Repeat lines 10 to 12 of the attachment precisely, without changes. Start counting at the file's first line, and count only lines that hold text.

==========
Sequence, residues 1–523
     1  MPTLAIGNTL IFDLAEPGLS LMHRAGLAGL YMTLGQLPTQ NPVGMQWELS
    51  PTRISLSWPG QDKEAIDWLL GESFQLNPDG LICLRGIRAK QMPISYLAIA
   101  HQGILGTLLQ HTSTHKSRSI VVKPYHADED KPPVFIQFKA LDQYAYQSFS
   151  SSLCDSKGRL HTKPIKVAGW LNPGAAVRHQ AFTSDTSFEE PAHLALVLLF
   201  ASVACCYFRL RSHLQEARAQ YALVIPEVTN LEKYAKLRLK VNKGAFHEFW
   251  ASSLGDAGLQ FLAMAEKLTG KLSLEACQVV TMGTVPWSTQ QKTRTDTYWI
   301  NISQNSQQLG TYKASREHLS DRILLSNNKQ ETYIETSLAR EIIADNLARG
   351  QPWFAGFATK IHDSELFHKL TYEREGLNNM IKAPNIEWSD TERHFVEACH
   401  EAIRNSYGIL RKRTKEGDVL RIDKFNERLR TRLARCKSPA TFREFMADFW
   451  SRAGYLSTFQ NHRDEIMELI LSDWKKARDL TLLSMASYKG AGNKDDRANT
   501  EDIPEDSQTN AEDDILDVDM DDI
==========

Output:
   401  EAIRNSYGIL RKRTKEGDVL RIDKFNERLR TRLARCKSPA TFREFMADFW
   451  SRAGYLSTFQ NHRDEIMELI LSDWKKARDL TLLSMASYKG AGNKDDRANT
   501  EDIPEDSQTN AEDDILDVDM DDI